“Digital inventory converted into physical inventory, as and when you need it, wherever you need and in the exact quantity required, equals true on-demand production with no waste.”
In my previous column, I discussed the benefits of virtual inventories and how, by pulling parts from a digital (rather than physical) inventory and then quickly and seamlessly 3D printing these parts, supply chain efficiencies can be significantly improved.
The benefits of additive manufacturing (AM) in conjunction with virtual inventories are further demonstrated in the enablement of on-demand manufacturing – most notably with respect to batch-size. In most traditional manufacturing technologies, the minimal batch size is quite large (tens- or hundreds- of thousands, and sometimes millions of items in a single manufacturing run). Think about it – with conventional production methods, there is a large cost of switching what the line produces and therefore manufacturers typically produce in one run for current and future expected future demands. This creates a physical inventory of spare parts that may or may not be used in the future. However, this is expensive to produce, store and manage, particularly when there is no guarantee the parts will actually be used.
The UK is renowned as a global innovator. As the world’s first industrialised nation; innovation, creativity, and – to an extent – risk, have all played a part in some of the UK’s greatest achievements.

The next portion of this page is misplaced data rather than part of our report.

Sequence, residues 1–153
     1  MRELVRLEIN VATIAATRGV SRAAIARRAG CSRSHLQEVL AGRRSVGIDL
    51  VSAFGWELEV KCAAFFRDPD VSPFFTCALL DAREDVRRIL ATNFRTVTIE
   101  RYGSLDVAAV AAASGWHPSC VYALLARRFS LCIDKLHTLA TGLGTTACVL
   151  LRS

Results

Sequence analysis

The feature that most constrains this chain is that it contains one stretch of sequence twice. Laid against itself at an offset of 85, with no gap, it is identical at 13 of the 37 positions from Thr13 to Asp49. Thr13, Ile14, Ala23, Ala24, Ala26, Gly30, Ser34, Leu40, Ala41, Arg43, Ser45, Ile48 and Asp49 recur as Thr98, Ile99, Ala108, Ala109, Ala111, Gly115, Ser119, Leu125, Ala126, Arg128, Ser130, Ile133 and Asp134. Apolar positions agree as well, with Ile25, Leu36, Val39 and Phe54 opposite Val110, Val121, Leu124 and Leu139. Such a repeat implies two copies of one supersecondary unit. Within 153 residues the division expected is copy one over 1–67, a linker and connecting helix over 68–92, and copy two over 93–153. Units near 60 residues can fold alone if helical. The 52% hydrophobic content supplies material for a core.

But have we reached a tipping point where UK creativity is in danger of being stifled as a result of increasing trends towards risk aversion in the innovation ecosystem? What’s more, is it now harder to find the commercial backing to get truly innovative ideas off the ground? And what role will the 3D printing industry have in facilitating economic growth in the UK in the face of an increasingly conservative business environment?
With the ability to quickly produce replacement parts on-demand, 3D printing helps operators to better maintain trains and improve the quality of service for passengers. Angel Trains, one of Britain’s leading train leasing companies, 3D printing leader Stratasys, engineering consultancy DB ESG and train operator Chiltern Railways have joined forces to trial the first 3D printed parts ever deployed within an in-service passenger train in the UK. For more information see the IDTechEx report on 3D Printing Composites 2020-2030: Technology and Market Analysis.